--- Sam Farmer of The Los Angeles Times writes that Torrey Smith’s year has been filled with highs and lows.
“The most impressive game of Torrey Smith's NFL career was also the most emotionally wrenching,” he wrote. “Less than 24 hours after learning his younger brother had been killed in a motorcycle accident, the Baltimore Ravens receiver braved his way through a home game against New England, catching six passes for 127 yards and two touchdowns in a 31-30 victory in Week 3. That's the kind of strength the Ravens have come to expect from Smith, a second-year standout from the University of Maryland who overcame a tumultuous childhood -- one in which he had to take on a parental role -- to emerge as one of the Ravens' most respected leaders.”
“Never has an athlete been more ready to grab the bully pulpit provided by the excessive word orgy that is the lead-up to the Super Bowl than Ravens linebacker Ray Lewis,” she wrote. “The question is: Are we ready for what he has to say? Because if the Gospel according to Tebow led to unnecessary controversy, which it did, wait until they get a load of The Gospel according to Ray. He has been preaching God as a Ravens fan for a while now, most recently to Sal Palantonio in the aftermath of the Ravens victory in the AFC Championship game, and many view this as hypocrisy. Or heresy. Or worse. We shushed religion talk from Tim Tebow because he was not a good enough player. Now with Lewis, a Hall of Famer, it is because he is not a good enough man.”
--- Ann Killion of The San Francisco Chronicle is now eating crow for questioning the 49ers' midseason quarterback change.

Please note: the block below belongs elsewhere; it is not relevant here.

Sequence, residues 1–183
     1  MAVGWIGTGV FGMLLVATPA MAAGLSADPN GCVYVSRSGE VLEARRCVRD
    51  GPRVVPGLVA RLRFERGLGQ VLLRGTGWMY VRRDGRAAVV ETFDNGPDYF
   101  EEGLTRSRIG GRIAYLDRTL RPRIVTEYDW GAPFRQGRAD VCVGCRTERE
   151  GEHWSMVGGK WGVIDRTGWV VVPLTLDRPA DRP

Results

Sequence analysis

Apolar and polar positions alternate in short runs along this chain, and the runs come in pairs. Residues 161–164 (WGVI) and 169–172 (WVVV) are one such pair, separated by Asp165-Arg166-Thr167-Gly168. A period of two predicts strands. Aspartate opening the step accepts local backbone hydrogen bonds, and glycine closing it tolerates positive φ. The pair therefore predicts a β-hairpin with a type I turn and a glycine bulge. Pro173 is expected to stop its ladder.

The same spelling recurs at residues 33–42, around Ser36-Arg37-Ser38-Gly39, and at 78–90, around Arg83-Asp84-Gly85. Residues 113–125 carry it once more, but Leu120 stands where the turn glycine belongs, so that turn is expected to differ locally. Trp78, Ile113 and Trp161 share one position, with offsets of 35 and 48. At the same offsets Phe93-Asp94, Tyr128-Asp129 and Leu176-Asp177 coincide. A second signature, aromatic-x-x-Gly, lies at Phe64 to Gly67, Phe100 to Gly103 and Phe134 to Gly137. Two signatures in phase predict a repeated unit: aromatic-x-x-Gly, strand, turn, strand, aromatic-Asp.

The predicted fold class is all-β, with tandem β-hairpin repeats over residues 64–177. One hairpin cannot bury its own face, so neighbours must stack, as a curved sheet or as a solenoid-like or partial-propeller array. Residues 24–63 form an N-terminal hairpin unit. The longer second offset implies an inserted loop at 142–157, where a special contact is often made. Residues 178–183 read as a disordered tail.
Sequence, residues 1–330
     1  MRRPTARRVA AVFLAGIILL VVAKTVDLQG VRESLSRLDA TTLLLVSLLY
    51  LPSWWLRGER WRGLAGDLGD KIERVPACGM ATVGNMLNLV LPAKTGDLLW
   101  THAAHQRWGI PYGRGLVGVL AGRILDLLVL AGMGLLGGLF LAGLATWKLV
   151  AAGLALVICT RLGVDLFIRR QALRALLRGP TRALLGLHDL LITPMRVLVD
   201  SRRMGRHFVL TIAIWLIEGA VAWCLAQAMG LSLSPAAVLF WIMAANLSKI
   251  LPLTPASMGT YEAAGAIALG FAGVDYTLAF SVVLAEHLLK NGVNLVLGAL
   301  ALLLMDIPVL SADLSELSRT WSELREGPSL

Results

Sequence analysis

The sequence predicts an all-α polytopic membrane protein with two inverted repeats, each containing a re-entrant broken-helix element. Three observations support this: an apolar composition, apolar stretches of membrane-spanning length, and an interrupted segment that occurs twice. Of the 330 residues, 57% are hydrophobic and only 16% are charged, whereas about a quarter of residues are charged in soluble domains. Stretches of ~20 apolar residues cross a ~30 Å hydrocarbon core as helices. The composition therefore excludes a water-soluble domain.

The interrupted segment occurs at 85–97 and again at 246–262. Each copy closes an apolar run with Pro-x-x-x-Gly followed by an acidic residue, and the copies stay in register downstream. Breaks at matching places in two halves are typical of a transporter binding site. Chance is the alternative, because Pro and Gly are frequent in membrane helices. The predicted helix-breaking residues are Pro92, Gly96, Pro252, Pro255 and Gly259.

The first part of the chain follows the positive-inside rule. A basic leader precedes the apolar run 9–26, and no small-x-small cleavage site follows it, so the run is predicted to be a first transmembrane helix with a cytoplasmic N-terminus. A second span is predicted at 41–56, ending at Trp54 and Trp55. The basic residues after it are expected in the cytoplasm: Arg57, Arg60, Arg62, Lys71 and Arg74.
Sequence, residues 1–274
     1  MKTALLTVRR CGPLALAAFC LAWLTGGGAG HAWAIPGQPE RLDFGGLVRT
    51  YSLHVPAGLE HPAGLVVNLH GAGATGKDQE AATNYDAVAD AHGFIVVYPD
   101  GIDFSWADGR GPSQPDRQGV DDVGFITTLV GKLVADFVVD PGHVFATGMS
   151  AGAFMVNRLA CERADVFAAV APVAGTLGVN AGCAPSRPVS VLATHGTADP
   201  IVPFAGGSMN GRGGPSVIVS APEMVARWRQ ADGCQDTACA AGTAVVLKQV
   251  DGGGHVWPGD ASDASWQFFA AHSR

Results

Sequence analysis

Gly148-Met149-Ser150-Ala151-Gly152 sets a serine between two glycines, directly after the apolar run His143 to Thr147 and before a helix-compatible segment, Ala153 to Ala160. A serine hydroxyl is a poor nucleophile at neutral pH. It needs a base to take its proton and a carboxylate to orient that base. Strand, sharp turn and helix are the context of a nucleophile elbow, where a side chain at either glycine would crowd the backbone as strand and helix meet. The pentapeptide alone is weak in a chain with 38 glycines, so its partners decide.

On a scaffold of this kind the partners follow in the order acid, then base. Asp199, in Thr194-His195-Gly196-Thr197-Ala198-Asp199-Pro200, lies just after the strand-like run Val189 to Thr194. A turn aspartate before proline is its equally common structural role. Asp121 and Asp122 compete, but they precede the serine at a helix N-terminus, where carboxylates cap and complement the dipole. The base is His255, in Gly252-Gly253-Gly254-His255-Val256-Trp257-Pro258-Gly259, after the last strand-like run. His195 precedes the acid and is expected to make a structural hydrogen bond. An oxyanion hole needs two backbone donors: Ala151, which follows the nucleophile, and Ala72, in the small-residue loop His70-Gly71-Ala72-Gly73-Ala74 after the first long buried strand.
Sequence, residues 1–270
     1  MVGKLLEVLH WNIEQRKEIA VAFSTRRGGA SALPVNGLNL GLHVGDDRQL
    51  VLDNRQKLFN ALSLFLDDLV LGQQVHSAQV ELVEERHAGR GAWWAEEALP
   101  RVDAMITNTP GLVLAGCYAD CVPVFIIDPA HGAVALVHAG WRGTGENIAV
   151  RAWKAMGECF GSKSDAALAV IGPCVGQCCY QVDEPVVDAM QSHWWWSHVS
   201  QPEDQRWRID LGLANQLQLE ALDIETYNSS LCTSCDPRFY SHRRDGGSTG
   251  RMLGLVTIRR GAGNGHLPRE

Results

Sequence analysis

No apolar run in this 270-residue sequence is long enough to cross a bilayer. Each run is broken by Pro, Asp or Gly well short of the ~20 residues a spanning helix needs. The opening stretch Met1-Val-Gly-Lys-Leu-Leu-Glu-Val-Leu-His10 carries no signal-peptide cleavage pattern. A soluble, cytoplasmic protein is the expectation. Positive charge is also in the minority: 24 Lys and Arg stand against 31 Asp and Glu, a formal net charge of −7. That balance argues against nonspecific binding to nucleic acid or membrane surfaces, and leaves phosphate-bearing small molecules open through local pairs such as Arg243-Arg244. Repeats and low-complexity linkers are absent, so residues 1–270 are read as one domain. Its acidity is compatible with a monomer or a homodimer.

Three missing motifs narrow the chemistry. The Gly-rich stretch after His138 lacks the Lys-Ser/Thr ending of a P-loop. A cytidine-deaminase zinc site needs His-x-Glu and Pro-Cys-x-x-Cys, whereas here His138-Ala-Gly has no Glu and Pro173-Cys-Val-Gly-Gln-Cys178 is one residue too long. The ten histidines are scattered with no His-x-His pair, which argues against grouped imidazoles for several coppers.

“I never doubted that Kaepernick would be the 49ers' quarterback of the future, not since the first time I sat down for a long interview with him outside the weight room at San Jose State two months after he was drafted, when the players were locked out,” she wrote. “Quarterback guru Jim Harbaugh had handpicked Kaepernick, trading up to get him with the fourth pick of the second round. The young man was determined, and his future seemed bright. But I didn't expect the future to arrive in the 10th game of this season, not with Alex Smith playing better than he ever had in his career and not with a veteran group poised for a Super Bowl run.”
“The Baltimore Ravens are making noise about winning Super Bowl XLVII for retiring linebacker Ray Lewis. But the 49ers have their own favorite -- and spiritual center -- in veteran running back Frank Gore,” he wrote. “Ask any 49ers player, offense or defense, how they feel about him and it's like tapping into a wellspring of resolve for Gore as he approaches the most important football game of his life. The 29-year-old has persevered through a life of pain and hardship, both on the football field and off. But at long last, he can finally see the mountaintop. Win the Super Bowl next Sunday and he can stand on it for a while.”
“Whether you believe Ravens quarterback Joe Flacco is elite or not may become irrelevant within the next month,” he wrote. “Like it or not, he is going to be paid like an elite quarterback. Before the start of free agency, the Ravens have to give him a long-term contract or franchise him. The franchise tag will come in around $14.6 million. A long-term deal would net significantly more. Ultimately, the Ravens have the option of paying him now or paying him later. But they can't escape paying him. Imagine Flacco's leverage. Peyton Manning makes $19.2 million a year, and Flacco and the Ravens beat him in Denver while advancing to the Super Bowl. Drew Brees earned his $20 million contract with his 5,000-yard seasons and Super Bowl ring, but he hasn't won a road playoff game. Flacco has won six.”Copyright © 2015, The Baltimore Sun